Cortical responses to contextual influences in amodal completion
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Number of pages
SourceNeuroImage, 32, 4, (2006), pp. 1815-1825
Article / Letter to editor
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SW OZ DCC CO
SW OZ NICI CO
SubjectAction, intention, and motor control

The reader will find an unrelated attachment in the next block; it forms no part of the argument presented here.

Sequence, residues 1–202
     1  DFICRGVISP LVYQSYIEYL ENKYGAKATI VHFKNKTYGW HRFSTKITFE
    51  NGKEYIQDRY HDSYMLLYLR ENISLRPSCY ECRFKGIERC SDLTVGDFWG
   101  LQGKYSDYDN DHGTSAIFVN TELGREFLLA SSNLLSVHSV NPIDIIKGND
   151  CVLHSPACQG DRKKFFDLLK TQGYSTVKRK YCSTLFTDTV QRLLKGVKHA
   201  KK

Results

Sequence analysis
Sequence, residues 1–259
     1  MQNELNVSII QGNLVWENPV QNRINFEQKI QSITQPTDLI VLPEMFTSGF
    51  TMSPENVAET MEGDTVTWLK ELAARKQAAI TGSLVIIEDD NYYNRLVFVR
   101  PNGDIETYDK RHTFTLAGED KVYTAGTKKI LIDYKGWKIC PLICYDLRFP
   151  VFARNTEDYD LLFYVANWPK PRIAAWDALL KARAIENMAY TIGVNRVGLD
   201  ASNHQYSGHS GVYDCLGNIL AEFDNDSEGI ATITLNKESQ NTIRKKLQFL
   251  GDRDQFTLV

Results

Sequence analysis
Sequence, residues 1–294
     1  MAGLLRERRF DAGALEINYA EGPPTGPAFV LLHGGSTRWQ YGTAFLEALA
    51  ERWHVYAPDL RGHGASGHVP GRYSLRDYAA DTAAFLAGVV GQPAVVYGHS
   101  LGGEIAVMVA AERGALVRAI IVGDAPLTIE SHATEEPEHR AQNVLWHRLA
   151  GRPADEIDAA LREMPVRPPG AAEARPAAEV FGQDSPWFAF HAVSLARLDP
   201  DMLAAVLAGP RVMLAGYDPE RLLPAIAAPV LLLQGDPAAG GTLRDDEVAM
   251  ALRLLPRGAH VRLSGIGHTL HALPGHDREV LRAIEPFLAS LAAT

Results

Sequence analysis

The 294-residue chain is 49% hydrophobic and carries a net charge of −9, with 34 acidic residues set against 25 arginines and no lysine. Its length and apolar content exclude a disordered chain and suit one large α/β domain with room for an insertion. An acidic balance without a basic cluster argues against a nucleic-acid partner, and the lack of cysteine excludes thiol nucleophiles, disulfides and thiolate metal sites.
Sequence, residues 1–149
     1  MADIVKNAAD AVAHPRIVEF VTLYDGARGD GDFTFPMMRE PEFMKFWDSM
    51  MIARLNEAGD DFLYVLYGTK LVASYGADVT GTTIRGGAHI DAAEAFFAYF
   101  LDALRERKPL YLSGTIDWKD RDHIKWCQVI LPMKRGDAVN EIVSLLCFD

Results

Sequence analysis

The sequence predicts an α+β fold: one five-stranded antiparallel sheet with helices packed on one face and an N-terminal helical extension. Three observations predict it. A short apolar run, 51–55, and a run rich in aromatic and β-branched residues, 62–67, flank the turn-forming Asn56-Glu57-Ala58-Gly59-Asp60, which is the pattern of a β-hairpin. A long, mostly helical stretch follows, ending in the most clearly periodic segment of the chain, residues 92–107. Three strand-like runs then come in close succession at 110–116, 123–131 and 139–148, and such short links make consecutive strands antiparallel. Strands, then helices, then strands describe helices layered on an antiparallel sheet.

Amodal completion refers to the process in the visual system that enables us to perceive partly occluded objects as whole objects. Both the overall shape of a visual object (global aspect) and the region immediately surrounding the occluder (local aspect) are known to determine the process of completion. We investigated the influence of overall shape context in completion on human brain activity using MEG recordings. Subjects were presented with two different types of shapes that were partly occluded by a rectangle. In the so-called convergent shapes, the local and global contexts trigger the same completion, and in the socalled divergent shapes, local and global contexts trigger different completions. The occluder was removed after 1 s, revealing the whole (completed) shape where expectancies based on the local and global context could either be fulfilled or violated.We found an early (from 200 ms on) left occipital component, which was predominantly sensitive to the figural aspects of the uncovered continuation, but was also modulated by the congruency between the physical shape and the perceived shape (based on the contextual cues). In contrast, an early right occipital component and a later (400 ms) anterior temporal component were sensitive only to the congruency between the physical and the perceived shape, showing the relevance of the global context in amodal completion.
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